7 Great Nonfiction Books Written by Women
Last month, author Elizabeth Day shared a list of the top 10 bestselling paperback nonfiction titles in the UK on Twitter, noting that it was entirely male. The discussion that followed (all perfectly civil, so don’t get excited for drama) was fairly typical for Twitter, in that no definitive conclusion was reached.
Some suggested it was influenced by Father’s Day marketing, others pointed to alternative bestseller lists, others wondered whether the list was the result of the public’s reading habits, or the publishers’ power to determine what gets published and promoted.
Putting whatever’s behind these patterns (industry-wide gatekeeping or personal reader biases) aside — if you aren’t happy with your personal reading record, or hope to read more great nonfiction, or more books by women, I hope this list helps you gain a little more control over your next reading choices.
1. "The Face: A Timecode" by Ruth Ozeki
This short book takes the form of an experiment: Ruth Ozeki decides to stare at her own face for three hours, and let whatever thoughts come wash over her. Reflecting on her mixed-race heritage, Zen Buddhism, growing older, and the death of her parents, Ozeki invites the reader into a space of warm, unpretentious meditation. It’s like taking a very deep breath in the company of a great writer.
2. "Because Internet" by Gretchen McCulloch
Sometimes you encounter something and can tell that its creator was really geeking out as they were making it. That was the case when I read Gretchen McCulloch’s Because Internet, a book about internet linguistics that beams with enthusiasm, curiosity, and optimism. Charting the beginning of the Internet, McCulloch looks at how different Internet generations use language online, meme culture, online slang, and the mysteries of Internet punctuation. It’s fun, informative, and utterly brilliant.
3. "Black Box" by Shiori Ito
Shiori Ito is widely credited for bringing #MeToo to Japan by publicly accusing a prominent TV journalist of raping her. Black Box is her 2017 account of everything that happened to her during the process — all the hurdles she faced by the police, the exhausting number of times she had to recount her story, and the mysterious way in which the police investigation was abruptly dropped. In translation, Black Box brings English-speaking readers an insight into Japan’s culture of silence — which makes Shiori Ito’s voice all the more important.
4. "Murder by the Book" by Claire Harman
In May 1840, Lord William Russell was murdered as he slept in his Mayfair home. It was a crime that left all of London aghast, prompting fear and paranoia in the capital and beyond. Claire Harman’s thorough and suspenseful historical true crime looks at the crime’s literary background and draws a fascinating picture that shows how contemporary class anxieties ran parallel to the murder investigation. I read it with bated breath.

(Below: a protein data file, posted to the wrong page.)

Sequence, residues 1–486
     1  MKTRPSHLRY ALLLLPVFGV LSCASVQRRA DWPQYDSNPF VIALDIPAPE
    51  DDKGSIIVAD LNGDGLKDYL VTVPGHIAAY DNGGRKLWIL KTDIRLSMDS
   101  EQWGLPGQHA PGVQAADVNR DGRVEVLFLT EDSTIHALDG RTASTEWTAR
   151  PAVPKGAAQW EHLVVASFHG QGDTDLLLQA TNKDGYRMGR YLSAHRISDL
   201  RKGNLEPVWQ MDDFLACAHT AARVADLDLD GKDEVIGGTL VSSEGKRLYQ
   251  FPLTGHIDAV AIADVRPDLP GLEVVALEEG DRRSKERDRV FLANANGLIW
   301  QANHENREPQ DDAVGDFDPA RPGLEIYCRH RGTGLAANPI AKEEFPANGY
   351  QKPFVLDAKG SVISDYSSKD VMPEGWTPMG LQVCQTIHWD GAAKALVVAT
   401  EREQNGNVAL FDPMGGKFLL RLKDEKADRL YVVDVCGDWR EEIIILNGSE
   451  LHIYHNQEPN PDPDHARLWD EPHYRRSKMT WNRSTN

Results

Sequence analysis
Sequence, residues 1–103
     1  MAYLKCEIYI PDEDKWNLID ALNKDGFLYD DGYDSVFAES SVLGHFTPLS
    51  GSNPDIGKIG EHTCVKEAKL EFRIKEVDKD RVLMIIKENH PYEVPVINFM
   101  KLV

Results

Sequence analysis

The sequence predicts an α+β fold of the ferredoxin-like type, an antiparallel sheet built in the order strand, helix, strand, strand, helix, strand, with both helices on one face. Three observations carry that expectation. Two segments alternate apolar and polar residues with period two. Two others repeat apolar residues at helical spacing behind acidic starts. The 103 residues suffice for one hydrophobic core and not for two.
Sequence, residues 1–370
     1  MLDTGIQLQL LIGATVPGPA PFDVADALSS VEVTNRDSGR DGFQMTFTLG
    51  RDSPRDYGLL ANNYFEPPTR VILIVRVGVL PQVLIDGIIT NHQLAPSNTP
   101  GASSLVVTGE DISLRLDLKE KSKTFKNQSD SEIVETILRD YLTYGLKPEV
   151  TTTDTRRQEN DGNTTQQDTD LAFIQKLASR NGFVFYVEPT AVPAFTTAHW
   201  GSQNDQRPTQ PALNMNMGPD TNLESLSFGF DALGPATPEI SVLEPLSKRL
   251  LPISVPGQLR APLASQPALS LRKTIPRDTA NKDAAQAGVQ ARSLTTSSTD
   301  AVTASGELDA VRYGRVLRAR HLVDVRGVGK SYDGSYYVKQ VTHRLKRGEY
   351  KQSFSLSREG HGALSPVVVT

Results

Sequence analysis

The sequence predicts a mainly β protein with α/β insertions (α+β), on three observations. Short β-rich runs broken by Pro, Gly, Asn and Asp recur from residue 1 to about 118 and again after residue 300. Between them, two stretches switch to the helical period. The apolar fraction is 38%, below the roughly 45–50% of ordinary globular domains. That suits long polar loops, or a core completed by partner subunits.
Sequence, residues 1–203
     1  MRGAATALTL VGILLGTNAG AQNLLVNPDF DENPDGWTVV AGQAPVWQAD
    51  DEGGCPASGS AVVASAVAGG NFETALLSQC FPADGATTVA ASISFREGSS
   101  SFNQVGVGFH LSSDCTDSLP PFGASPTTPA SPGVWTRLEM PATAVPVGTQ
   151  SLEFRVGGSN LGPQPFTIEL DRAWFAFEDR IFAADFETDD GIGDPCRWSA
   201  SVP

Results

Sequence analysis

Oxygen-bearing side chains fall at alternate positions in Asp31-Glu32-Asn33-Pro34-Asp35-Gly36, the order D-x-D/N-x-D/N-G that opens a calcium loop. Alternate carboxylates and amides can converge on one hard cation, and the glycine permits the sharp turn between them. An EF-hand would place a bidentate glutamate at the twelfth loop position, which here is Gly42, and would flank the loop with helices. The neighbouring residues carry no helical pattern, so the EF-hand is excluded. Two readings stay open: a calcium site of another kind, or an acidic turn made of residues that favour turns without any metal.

5. "No Logo" by Naomi Klein
First published in 1999, No Logo is now a nonfiction modern classic. In it, Naomi Klein talks about the emergence of the anti-corporate movement, parallel to the increasing power, visibility, and influence of large corporations. Klein describes her book as “an attempt to analyze and document the forces opposing corporate rule,” and focuses on the way global corporations gain power through symbolic branding, leaving behind any attempt at ethical manufacturing. Sadly, this book of cultural criticism is even more alarming to read today than it must have been when it was originally published.
6. "Invisible Women" by Caroline Criado Pérez
For anyone who cares about women, Invisible Women is a painful book to read — because it so intelligently shows so many ways in which society fails women. Criado Pérez makes a compelling and urgent case for gender-specific data to be a) collected, and b) taken into account when companies or institutions make important decisions. Using a variety of case studies, she shows how the ‘male default’ fails to take into account the needs of women in issues ranging from town planning to car safety tests and healthcare. It’s tough to read but eye-opening, even if you think you already know all about sexism.
7. "Animal, Vegetable, Miracle" by Barbara Kingsolver with Steven L. Hopp and Camille Kingsolver
Animal, Vegetable, Miracle is a thoughtful memoir about a family’s decision to leave Arizona, where they anxiously felt they lived “on borrowed water,” for the Southern Appalachians, in hopes of being able to grow their own food. Never preachy, this memoir is nonetheless really informative, sketching a portrait of humanity’s food production patterns, now considered unnecessary knowledge for the non-farming population. If, like me, you know very little about seasonal patterns and agricultural practices, you’ll find that Animal, Vegetable, Miracle possesses all the qualities of a great nonfiction book, by providing an intelligent and honest blend of reflections and facts.
I hope there's something on this list for you — some of them are also available on audio, if that's appealing!
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